The cows are gone
To quickly catch you up, because I know you’re busy making your Christmas wish list, we’ve sold our cows. The bulls went with the cows. The smaller calves went to auction for more pasture time and the larger calves went to feed lots for finishing rations. Ironically, I have 17 animals left – about the same number my husband and I started with more than a decade ago. This small group makes me think I don’t have much time left to indulge in the romantic agricultural lifestyle, the reason for this story.
My herd takes very little of my time now. I almost finish doing my chores just about the same time I step outside to do them. This deceptive simpleness is part of what got me started in the cow business. Another reason was a tragic farm accident which prompted my husband to return to his family ranch to settle up things.
This settling up included selling about 350 of his late father’s cows. All but 19 of the cows and one bull sold. The leftovers were culled for various reasons even though the cows were pregnant – no teeth, lame or a broken bag (ranch talk for a bad udder). Figuring these animals, going to be sold as boner cattle, could be bought cheap, we started our own herd – 19 poor cows and one used bull.
Those 19 old cows, more from their experience than mine, raised their calves just fine that first year. We sold all the steer calves to pay the interest on the loans we had from buying the cattle and the year’s worth of feed and supplies. We kept all heifers because we were going to build our herd, believing in the economy of scale. If I have to take care of 20, I may as well have 100, but I’ve learned 100 is a lot more than five times 20.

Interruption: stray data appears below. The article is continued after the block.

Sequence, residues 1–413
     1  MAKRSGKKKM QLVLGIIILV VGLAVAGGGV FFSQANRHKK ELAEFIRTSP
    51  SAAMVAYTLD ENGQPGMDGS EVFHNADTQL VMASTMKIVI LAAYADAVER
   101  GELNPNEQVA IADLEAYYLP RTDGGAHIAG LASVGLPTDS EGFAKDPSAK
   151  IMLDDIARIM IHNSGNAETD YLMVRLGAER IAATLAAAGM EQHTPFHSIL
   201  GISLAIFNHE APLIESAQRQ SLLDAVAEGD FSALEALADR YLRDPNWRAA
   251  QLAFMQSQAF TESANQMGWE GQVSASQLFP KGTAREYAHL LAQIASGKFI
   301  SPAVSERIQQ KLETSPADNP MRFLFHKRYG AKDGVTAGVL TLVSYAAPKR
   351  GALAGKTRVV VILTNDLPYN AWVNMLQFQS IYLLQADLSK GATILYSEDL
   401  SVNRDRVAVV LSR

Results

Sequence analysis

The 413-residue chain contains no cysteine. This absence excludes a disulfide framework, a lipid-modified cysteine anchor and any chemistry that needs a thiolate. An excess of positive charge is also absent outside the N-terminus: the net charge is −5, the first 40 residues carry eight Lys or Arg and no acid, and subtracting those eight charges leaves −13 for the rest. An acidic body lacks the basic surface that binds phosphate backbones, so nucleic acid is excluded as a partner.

There have been a few years we had major losses on the cattle because increased costs were so out of whack with the price received for beef, but Ken had an off-the-ranch job by then, which helped make some ends meet. We kept on, thinking one day prices will catch up; it’s a cyclic business and we are in a growth phase. Very few businesses show a profit in their first few years.
Well, after 13 years of doing this cow business, we have sold our animals for enough to pay off our operating loans and the capital gains tax on the sale of the animals.
I’m sharing this not to sob or complain; it is what we decided to do.
But I bring it to your attention because of what I hear about keeping ag land as open space because it looks good. Well, life in agriculture is a lot more complicated than it looks.
Asking people to give up the only asset – land values – that keeps up with market inflation equates to serfdom, people being indentured servants tied to land that has been stripped of its full potential, leaving no other economic alternatives, so things will look good in the kingdom. Not a cheery prospect for a future rancher. If you could just be the cowboy and not think about taxes, estate laws, college, health care, interest rates and operating costs, ranching could be loads of fun.
But asking ranchers to consider being glorified gardeners for as long as they can afford to ranch is not romantic. I don’t wish that for my children or anyone else’s, even though I love ranching. I enjoy the physical work that reminds me I am alive. It’s a satisfaction I never felt behind a desk even though the pay was better. Emotions are a rich asset to a rancher, but they don’t have much market value.
What Douglas County is facing if a national issue; the average American farmer is over 55 years old. The family farm is dissolving. In the Christmas spirit, remember the phrase, “Careful what you wish for because you will get it.”
I wish romance had more value.
n Marie Johnson is a Fredericksburg, Calif., resident and is married to Kent Neddenriep. They have two sons, Kyle, 10, and Bradley, 7. Her column, “Fence lines,” appears once a month.